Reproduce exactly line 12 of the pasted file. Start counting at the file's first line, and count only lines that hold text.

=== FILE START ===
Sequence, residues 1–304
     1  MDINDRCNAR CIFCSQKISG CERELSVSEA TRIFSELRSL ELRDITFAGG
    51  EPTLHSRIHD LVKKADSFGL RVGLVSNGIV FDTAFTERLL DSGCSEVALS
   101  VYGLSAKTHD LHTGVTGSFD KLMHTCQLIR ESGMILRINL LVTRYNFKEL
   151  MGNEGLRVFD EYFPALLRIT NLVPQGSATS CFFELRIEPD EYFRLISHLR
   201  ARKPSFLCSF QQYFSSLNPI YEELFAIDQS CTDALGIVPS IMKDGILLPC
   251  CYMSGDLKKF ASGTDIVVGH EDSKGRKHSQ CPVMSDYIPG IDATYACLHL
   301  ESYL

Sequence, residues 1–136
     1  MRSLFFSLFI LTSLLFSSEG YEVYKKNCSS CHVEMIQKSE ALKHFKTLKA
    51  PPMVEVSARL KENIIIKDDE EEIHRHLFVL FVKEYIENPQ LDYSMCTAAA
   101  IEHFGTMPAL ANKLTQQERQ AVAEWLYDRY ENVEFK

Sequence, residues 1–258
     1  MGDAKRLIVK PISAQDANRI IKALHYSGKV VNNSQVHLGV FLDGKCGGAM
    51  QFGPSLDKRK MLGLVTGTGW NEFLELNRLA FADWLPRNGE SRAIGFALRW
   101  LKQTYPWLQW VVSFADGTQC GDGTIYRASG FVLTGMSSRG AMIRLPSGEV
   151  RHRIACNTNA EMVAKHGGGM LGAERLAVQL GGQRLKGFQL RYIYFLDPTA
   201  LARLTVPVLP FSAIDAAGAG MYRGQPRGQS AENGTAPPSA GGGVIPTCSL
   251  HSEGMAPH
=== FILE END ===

   101  IEHFGTMPAL ANKLTQQERQ AVAEWLYDRY ENVEFK